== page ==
In a recent past, the conflicts which take place in the Middle East would be more than enough to trigger an oil supply shock and prices would rise to the point of putting in check the growth of the major world economies. It was like that in the 1970’s. There is no way to forget, for example, the oil embargo during the Yom Kippur War, when Egypt and Syria attacked Israel, which brought about the price tripling of the oil barrel, in October 1973. Then, in 1979, the Iranian revolution which got Shah Reza Pahlevi ousted and turned Iran into a Theocratic Republic, ending up in the war between this country and Iraq and doubling the barrel price at the time.
The Gulf War in 1990, along with a series of oil production cuts by the producing countries in 1998, weren’t enough to recover the price spikes which occurred in the 1980’s and were only good to increase the then historically low barrel prices (close to 11-12 dollar a barrel) to 30 something dollars. After the 9-11 Terror, the prices jumped from 25 to 60 dollars a barrel and just about stayed on this level up until early 2007. Then China came into the picture with its vigorous growth.
The two-digit economic growth led by it (China) and its southern neighbor – India – for a decade drove up the energy consumption and commodities in general. Oil followed this upward course and the world believed that the oil barrel would reach US$ 230, as late Lehman Brothers used to say. At that time, there was already talk about a possible shortage of fuel and the need to look for renewable energy. The renowned newspaper The Economist even published two cover stories referring to the oil great high: one said the world was watching “the end of the cheap food”; the other issue showed the oil barrel at 135 dollars a barrel as a “recoil”. That’s where the sugar-alcohol sector comes into play believing in another silliness of Lula’s about Brazil becoming ethanol Saudi Arabia. Well, everybody is fed up with hearing about this story.
With oil under 70 dollars a barrel, now there is another issue. Iran, for instance, in order to meet the social and budgetary demands of the country needs almost 140 dollars a barrel. Venezuela and Nigeria need oil at 120 dollars a barrel. Czar Putin’s Russia demands 100 dollars. Saudi Arabia demands a little over 90 dollars. That is, except for the United States which is witnessing an economic recovery and oil production growth by more than 11% being the world’s greatest producer today, everybody is in a dramatic situation. The Brazilian pre-salt, discovery which made Lula turn his back on the sector and blew those who invested their time, sweat and blood off, needs oil to stay over 70 dollars a barrel so it can be economically viable.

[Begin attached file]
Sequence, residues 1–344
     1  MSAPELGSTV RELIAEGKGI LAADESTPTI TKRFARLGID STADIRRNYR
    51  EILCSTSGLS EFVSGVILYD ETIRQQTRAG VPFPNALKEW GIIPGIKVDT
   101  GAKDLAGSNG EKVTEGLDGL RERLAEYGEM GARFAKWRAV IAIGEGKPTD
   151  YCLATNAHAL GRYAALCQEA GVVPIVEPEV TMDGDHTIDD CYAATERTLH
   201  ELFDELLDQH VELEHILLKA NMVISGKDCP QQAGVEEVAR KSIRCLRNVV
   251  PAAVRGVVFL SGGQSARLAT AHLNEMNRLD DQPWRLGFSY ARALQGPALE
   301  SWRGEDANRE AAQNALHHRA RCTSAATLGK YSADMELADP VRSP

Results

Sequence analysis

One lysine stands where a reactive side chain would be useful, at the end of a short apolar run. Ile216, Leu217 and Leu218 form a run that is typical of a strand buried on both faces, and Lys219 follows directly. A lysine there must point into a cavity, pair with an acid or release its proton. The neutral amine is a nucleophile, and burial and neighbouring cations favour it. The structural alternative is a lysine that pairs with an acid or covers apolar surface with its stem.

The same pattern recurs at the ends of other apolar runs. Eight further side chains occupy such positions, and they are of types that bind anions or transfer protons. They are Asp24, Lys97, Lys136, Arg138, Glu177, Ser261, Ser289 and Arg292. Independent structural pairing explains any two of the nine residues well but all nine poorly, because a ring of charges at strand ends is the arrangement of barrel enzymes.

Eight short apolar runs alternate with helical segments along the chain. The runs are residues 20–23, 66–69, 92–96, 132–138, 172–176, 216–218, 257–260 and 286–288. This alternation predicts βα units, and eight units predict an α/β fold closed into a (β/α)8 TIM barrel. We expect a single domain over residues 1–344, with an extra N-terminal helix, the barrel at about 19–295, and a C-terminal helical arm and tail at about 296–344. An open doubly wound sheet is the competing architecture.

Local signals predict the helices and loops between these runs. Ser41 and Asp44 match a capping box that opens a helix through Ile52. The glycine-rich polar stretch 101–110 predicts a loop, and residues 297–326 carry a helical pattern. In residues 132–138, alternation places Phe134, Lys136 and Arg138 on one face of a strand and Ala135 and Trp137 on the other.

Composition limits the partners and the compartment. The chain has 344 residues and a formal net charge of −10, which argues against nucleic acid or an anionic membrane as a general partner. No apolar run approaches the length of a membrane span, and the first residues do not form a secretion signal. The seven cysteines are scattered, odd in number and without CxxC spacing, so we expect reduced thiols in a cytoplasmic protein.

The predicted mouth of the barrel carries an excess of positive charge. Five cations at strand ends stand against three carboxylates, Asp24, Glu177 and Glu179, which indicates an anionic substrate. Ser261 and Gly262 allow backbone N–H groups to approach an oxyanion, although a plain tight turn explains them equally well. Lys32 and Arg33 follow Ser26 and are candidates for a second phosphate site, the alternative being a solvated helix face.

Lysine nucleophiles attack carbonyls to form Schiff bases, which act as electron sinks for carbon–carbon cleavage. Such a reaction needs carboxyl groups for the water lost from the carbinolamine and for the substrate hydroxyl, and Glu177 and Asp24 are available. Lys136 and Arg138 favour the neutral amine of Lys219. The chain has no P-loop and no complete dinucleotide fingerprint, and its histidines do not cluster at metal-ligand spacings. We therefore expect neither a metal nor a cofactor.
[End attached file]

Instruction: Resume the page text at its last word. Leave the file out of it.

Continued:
The problem now is with the United States which is the greatest producer, importer and consumer of oil. It is producing 1-2 million barrels of oil over what they used to produce last year. And the world economy is shrinking. There will have to be a shock, that is, oil price will need to fall until oil production becomes viable in other producing countries so that the price curve can be brought back to a balance again.
And now, the one-million-dollar question: what is this level? We should also remember that in lots of the producing countries energy price is heavily subsidized. With a plummeting oil price, the social cost will be enormous. Just to name the first ones: Venezuela, Saudi Arabia, Iran and Iraq.
This is a catastrophe. Petrobras (NYSE:PZE) in the mud, losing money on account of the subsidy it gives to gas consumers and whose lag is at about 10% today, still has to pick up the pieces spread around by the scandals sponsored by the crooks who took over the company, is going through a period of heavy clouds and mistrust from investors and financers abroad.
That is why the sugar market in NY closed at an almost 3.5% fall this Friday, nailing 15.56 cents per pound for March/2015. This is a 12-dollar-fall per ton over the week. Along the three-year-long curve presented by Sugar in NY, the falls have ranged between 8 and 13 dollars per ton.
It is worth reminding you what was said here last week: “Brought to present value by BC interest rates, a fixation for March 2016 (the end of the 2015/2016 harvest) is still over R$1,000 per ton. This looks like a good fixation option for the mills since any spasm that there might be on the sugar market in NY for fundamentalist reasons will affect much more the months with shorter maturity than those with longer maturity”.
As an experienced trader on the market would say, “risk management is not everything but 100% is”.
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